Source: Perfusion - Category: Cardiovascular & Thoracic Surgery Authors: Tags: Perfusion Source Type: research
THE INCIDENCE OF stroke after coronary artery bypass graft (CABG) surgery is between 1% and 5% and is one of the most detrimental complications.1 Off-pump CABG is associated with a lower stroke rate than traditional on-pump CABG (0.7% v 1.4%).2 Stroke after CABG is associated with increased morbidity and mortality and increased cost secondary to longer hospital stays and rehabilitation. The authors ’ presented case demonstrates the complexity of perioperative management of a patient scheduled for elective off-pump total endoscopic coronary artery bypass (TECAB) grafting with recent transient ischemic attack (TIA), st...
Source: Journal of Cardiothoracic and Vascular Anesthesia - Category: Anesthesiology Authors: Tags: Case Conference Source Type: research
Abstract The depth of anesthesia is commonly assessed in clinical practice by the patient's clinical signs. However, during cardiopulmonary bypass and hypothermia, common symptoms of nociception such as tachycardia, hypertension, sweating, or movement have low sensitivity and specificity in the description of the patient nociception and hypnosis, in particular, detecting nociceptive stimuli. Better monitoring of the depth of analgesia during hypothermia under cardiopulmonary bypass will avoid underdosage or overdosage of analgesia, especially opioids. Induced hypothermia has a multifactorial effect on the level of...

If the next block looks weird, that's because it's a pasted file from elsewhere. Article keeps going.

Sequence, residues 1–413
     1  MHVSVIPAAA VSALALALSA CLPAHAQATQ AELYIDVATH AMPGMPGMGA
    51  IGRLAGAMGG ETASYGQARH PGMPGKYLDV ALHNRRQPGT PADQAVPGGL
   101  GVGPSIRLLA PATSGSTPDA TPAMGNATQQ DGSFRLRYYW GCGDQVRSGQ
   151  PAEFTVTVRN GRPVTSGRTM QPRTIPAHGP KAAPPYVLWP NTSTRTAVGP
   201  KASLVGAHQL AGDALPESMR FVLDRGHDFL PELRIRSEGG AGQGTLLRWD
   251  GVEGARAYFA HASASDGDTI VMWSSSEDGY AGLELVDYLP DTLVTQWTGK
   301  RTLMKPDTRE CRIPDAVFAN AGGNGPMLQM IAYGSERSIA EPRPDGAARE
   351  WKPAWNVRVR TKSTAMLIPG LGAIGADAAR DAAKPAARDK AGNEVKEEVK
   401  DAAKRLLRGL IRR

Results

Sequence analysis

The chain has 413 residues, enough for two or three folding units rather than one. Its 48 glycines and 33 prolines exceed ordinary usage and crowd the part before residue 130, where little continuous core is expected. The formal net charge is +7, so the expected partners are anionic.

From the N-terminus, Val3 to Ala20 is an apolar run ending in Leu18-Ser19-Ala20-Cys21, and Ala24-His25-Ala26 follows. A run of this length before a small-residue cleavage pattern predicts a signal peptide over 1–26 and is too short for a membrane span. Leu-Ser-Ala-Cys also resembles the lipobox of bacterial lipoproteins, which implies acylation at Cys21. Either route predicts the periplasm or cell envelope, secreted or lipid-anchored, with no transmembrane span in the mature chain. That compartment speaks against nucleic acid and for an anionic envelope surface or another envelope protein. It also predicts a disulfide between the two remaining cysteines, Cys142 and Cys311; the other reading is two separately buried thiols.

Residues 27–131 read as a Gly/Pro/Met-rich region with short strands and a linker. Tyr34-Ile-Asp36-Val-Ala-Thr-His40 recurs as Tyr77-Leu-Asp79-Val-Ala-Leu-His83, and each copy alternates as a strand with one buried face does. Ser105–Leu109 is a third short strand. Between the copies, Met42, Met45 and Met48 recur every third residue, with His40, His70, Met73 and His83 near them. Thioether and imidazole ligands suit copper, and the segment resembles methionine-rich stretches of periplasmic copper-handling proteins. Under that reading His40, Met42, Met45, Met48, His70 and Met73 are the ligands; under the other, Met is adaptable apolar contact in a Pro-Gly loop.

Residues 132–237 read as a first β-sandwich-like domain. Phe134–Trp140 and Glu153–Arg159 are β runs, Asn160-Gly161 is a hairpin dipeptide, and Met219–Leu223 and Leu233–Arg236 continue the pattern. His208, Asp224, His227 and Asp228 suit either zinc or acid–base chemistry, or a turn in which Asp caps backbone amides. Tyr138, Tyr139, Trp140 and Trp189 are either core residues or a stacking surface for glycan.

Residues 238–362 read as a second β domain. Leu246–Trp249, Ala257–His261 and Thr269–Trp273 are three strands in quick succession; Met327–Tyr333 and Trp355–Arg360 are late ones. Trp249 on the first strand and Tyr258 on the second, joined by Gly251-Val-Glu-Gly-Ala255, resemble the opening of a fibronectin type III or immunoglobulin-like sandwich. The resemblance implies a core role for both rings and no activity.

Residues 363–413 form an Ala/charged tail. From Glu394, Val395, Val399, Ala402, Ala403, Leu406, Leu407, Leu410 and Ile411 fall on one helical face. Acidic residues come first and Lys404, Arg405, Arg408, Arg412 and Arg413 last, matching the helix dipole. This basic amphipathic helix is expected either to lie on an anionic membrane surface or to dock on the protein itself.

Source: Perfusion - Category: Cardiovascular & Thoracic Surgery Authors: Tags: Perfusion Source Type: research
Myocardial management during on-pump coronary artery bypass grafting (CABG) surgery includes aortic cross-clamping followed by fibrillation (XCF) and aortic cross-clamping followed by diastolic cardioplegia (cardioplegia). The authors wished to compare in-hospital and survival outcomes between these procedures.
Source: Journal of Cardiothoracic and Vascular Anesthesia - Category: Anesthesiology Authors: Tags: Original Article Source Type: research